"When I moved here, you had to learn how to speak Spanish," says Wendy Gosselin, a translator from Brighton, Michigan, who runs her own business and relocated to Buenos Aires a decade ago. "Now you go into a restaurant and everyone's speaking English."
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Not long after Michael Legee moved to Buenos Aires from London in 2004, the 34-year-old management consultant opened the Natural Deli, a market and café offering organic fare. The concept of health food seemed so alien one local woman asked, "What are you trying to cure?" But business took off, and within a year Legee added a second deli. He's aiming for ten. "I don't have much competition," he says.
Sam Nadler and Jordan Metzner, who both graduated from Indiana University in 2005, opened a downtown burrito restaurant franchise, even though they'd been warned that Argentines, famously conservative in their food choices, would not go for Tex-Mex. Two years later, their California Burrito Company often commands half-hour lines during the lunch rush. "For the first few months, we had no idea what we were doing," Nadler says. But, he says, the low cost of starting a business gave them the freedom to make mistakes. "Now we're having fun trying to bring something new to the marketplace."
"Buenos Aires seems to be a place where people come to figure their lives out," says Kristie Robinson, 30, who moved to the city more than three years ago from London and founded The Argentimes, a biweekly English-language newspaper. "If you come with some money saved up, you can live comfortably for six months, a year. You can pretend you are in Europe here for a quarter of the cost."
Buenos Aires—"fair winds" in Spanish—has gone through many incarnations and is reinventing itself yet again. And foreigners are playing a big part this time, too, thanks to a weak peso that attracts people from all over. The capital city, situated on the Río de la Plata, one of the world's largest estuaries, has long been described as the Paris of South America, but lately people have begun comparing it to Paris of the 1920s, emblematic as the place where artists, intellectuals and others from around the world pursued their passions.
"In New York, I was just trying to pay the rent all the time," says Seth Wulsin, a 28-year-old conceptual artist who moved to Buenos Aires in 2005. "Having time and space is really helpful. It's the greatest gift." Wulsin's first project there involved strategically breaking exterior windows at a former Buenos Aires prison, then empty and on the verge of demolition, that had held political opponents of the notorious military dictatorship that controlled Argentina from 1976 until 1983, when elections restored a democratic government.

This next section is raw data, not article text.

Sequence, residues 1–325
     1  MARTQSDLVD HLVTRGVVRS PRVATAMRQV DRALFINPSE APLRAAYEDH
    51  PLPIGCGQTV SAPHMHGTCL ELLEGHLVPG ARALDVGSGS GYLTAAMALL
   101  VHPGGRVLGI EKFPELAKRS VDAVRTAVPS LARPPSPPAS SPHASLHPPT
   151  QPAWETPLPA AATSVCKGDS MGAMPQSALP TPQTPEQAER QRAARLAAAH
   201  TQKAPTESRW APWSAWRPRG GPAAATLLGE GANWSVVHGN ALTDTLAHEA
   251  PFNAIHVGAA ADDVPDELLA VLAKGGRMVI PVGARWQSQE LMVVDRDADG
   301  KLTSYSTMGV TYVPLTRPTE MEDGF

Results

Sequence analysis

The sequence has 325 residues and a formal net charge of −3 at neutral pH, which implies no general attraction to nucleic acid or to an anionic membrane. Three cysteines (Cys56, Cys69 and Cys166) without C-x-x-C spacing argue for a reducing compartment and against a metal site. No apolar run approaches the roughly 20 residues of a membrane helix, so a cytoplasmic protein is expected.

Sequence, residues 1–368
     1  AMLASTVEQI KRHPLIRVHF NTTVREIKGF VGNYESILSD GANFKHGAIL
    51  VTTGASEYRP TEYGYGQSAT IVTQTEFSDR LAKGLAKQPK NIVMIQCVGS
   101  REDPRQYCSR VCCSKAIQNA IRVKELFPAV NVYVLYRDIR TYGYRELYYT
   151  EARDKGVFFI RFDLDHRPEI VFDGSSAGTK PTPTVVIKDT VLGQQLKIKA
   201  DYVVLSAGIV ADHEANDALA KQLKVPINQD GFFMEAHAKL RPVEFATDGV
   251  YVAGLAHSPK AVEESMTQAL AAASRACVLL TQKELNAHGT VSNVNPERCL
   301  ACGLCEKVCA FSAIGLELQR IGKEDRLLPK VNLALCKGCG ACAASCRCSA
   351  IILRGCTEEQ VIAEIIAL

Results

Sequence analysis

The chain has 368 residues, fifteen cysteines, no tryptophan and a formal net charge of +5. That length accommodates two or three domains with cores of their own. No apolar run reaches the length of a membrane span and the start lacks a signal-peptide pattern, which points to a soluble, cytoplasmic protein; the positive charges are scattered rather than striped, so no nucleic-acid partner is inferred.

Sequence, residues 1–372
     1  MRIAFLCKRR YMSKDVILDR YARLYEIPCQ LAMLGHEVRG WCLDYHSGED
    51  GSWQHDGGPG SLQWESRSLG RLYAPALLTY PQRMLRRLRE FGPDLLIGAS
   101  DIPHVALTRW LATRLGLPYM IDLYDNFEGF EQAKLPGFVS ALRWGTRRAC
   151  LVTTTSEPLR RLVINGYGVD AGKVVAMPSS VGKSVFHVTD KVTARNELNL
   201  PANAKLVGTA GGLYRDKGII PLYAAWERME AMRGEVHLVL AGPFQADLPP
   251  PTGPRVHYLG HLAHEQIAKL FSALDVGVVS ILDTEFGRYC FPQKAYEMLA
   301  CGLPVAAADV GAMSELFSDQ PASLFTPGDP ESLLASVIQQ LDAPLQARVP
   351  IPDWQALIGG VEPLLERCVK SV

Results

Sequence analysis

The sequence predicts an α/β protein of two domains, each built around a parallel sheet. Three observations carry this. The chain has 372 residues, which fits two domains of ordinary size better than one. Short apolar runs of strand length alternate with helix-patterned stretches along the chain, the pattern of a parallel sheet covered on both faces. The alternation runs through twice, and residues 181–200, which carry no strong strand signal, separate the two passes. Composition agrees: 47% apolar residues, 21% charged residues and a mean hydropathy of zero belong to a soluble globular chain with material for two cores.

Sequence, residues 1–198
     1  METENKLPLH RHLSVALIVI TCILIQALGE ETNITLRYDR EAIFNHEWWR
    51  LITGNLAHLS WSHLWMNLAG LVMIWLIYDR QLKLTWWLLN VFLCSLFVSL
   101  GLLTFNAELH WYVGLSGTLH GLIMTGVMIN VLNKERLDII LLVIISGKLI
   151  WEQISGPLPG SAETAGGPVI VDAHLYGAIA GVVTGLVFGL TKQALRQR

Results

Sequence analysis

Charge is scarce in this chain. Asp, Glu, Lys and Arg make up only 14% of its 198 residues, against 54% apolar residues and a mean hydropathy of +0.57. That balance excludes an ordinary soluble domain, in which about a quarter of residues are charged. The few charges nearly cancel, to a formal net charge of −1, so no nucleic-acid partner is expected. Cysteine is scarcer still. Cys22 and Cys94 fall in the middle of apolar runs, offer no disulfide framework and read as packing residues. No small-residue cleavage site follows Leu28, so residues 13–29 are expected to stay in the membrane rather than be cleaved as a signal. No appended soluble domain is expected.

The circumstances that have recently drawn so many foreigners to Buenos Aires arose in 2001, when the nation's economy collapsed. A main cause was a 1990s monetary policy that pegged the Argentine peso to the U.S. dollar, an anti-inflation measure that ended up stifling the economy. The resulting depression, combined with deficit spending financed by international borrowing, undermined Argentines' confidence and led to a run on the banks in late 2001. The government responded with limits on withdrawals, prompting riots and police clashes in which dozens of people nationwide were killed. President Fernando de la Rúa resigned. Argentina defaulted on its loans. The peso plummeted and Argentines' savings were nearly wiped out.
But the country turned into a bargain destination for people with foreign currencies. The exchange rate this past April was 3.7 pesos per U.S. dollar. Tourism, at least until the world financial collapse this past fall, has boomed, with some 2.5 million visitors to Buenos Aires in 2008, up more than sixfold since 2001.
It turns out that a surprising number of them are sticking around. Martin Frankel, the head of Expat Connection, which holds outings and seminars for English-speaking foreigners, says many people moving to Buenos Aires have no intention of staying forever but aren't just tourists, either. "The line between expats and tourists is not as clear as it used to be," he says.
There's a joke usually attributed to the Mexican writer Octavio Paz: "Mexicans descend from the Aztecs, Peruvians from the Incans, and Argentines...from the boats."